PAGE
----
One of my last assignments in the UCF Special Collections department was to reprocess the University Photograph Collection (UPC). The archives had been acquiring photographic prints from various departments and individuals around campus and wanted to add these new items to the finding aid as well as incorporate them into the collection.
There was a fellow student assistant who had been working on this project before it was given to me so I was fortunate enough that she had gone through and identified many of the people and buildings that had been photographed, so all I had to do was shift the entire collection. When I started there were 21 cardboard bankers boxes of materials all weighing in at around 25+ pounds (I am guessing). This doesn’t sound too awful until you try to pull a box from the top of the shelf and it feels like it is going to crush you. So between my supervisor and myself we decided to go with a laminated 1/2 hollinger boxes. This was useful for several reasons.
- This is one of the most utilized collections that we had, so there were lots of hands on the boxes. The lamination makes it easier to keep these boxes clean.
- It also made the boxes lighter so that it was easier to remove them from the top shelf.
- This also limited the number of items that were removed from the temperature controlled room and brought into the reading room.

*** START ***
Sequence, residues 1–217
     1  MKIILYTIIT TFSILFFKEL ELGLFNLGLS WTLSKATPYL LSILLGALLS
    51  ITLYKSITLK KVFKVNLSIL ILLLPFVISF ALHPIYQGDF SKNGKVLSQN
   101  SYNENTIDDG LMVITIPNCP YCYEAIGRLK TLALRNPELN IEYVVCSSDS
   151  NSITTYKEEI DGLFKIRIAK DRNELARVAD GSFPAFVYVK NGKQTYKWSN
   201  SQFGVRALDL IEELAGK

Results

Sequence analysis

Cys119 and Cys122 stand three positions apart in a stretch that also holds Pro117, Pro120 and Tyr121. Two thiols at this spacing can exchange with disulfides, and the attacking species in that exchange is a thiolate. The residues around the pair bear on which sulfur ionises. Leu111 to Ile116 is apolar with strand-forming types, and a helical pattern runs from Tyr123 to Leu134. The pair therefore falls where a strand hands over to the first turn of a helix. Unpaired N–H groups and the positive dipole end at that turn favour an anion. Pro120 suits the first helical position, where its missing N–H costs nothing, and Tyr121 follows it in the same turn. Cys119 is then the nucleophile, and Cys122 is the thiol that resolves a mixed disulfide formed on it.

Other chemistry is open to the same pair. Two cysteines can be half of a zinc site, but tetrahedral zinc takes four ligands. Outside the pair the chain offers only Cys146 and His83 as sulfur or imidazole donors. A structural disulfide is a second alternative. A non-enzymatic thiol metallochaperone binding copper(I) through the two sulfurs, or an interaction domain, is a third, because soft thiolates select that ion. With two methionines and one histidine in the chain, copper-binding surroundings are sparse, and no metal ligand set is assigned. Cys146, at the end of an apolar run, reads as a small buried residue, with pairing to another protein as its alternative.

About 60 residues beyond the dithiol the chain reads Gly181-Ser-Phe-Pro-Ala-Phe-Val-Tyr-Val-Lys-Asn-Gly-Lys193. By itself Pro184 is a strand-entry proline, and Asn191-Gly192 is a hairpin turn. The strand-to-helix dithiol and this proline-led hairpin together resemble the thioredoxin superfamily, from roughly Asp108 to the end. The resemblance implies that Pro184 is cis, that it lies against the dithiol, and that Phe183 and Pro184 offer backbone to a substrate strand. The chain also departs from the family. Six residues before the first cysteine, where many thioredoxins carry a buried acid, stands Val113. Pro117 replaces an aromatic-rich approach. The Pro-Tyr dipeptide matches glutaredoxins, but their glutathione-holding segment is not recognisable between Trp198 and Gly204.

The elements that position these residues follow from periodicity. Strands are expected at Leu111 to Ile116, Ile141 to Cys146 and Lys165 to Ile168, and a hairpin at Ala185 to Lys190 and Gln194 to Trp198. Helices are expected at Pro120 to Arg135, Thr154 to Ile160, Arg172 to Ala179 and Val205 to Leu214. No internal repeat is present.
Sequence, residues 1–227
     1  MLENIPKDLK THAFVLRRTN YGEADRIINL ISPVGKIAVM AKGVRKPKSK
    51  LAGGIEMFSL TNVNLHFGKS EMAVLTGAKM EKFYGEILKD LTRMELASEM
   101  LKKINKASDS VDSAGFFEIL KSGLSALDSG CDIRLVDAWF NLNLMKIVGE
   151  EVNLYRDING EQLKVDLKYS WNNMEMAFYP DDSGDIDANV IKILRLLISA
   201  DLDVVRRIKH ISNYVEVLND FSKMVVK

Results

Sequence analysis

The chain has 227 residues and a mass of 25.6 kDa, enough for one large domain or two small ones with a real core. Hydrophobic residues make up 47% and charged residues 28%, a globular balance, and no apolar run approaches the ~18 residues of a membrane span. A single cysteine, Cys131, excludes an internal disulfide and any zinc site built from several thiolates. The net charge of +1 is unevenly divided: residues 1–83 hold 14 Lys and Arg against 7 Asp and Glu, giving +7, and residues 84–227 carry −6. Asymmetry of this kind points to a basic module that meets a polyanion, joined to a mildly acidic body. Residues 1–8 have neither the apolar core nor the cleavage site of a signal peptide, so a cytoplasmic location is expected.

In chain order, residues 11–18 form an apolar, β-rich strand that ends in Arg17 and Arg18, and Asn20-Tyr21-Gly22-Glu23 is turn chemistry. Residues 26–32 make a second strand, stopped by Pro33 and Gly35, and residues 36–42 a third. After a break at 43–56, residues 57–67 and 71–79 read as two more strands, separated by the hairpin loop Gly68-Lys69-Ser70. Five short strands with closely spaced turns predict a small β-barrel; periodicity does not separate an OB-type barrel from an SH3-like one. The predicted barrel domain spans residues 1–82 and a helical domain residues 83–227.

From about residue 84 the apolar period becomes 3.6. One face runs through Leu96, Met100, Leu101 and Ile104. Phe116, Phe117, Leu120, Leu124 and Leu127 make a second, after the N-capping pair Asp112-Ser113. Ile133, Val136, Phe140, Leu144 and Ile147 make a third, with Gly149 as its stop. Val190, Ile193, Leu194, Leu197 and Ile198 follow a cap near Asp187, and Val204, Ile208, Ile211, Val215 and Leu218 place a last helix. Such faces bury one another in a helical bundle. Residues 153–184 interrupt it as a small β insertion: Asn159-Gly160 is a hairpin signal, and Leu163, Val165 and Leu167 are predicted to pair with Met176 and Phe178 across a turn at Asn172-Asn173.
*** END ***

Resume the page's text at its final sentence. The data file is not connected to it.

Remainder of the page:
Along with adding in photographs and switching up the boxes, I was given the task to sleeve all the photographs. The reason this was done was to keep each print from getting the dreaded fingerprint on them. Although the patrons are supposed to be using cotton gloves while handling the materials there is always the chance that someone will accidentally remove their glove and touch the image. (Fingerprints can be removed with PEC-12, but that stuff is so caustic that it should really only be used in emergencies.)
Finally, I was able to update the finding aid. I added new folders as well as combined or separated others (of course this was done only with the OK from my supervisor). I updated the finding aid using an existing XML template. I also created a new word document where I described the Box number, folder name, and image. In this document I started to write in descriptive metadata under the supervision of the department head.
Overall I learned a lot about how to process collections, describe them, and create descriptive metadata. And I must say I loved every minute of it! Here are some pictures of the completed project.